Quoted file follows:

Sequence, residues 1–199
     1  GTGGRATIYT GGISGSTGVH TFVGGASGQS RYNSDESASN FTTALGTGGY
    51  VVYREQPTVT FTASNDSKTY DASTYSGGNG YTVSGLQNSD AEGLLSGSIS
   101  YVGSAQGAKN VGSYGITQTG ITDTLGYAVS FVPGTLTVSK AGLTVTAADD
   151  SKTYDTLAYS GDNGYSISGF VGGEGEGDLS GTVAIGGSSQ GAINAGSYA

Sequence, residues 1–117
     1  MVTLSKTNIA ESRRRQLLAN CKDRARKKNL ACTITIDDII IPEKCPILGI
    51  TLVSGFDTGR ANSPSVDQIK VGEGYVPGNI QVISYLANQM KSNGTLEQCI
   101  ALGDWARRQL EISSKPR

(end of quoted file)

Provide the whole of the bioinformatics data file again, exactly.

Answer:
Sequence, residues 1–199
     1  GTGGRATIYT GGISGSTGVH TFVGGASGQS RYNSDESASN FTTALGTGGY
    51  VVYREQPTVT FTASNDSKTY DASTYSGGNG YTVSGLQNSD AEGLLSGSIS
   101  YVGSAQGAKN VGSYGITQTG ITDTLGYAVS FVPGTLTVSK AGLTVTAADD
   151  SKTYDTLAYS GDNGYSISGF VGGEGEGDLS GTVAIGGSSQ GAINAGSYA

Sequence, residues 1–117
     1  MVTLSKTNIA ESRRRQLLAN CKDRARKKNL ACTITIDDII IPEKCPILGI
    51  TLVSGFDTGR ANSPSVDQIK VGEGYVPGNI QVISYLANQM KSNGTLEQCI
   101  ALGDWARRQL EISSKPR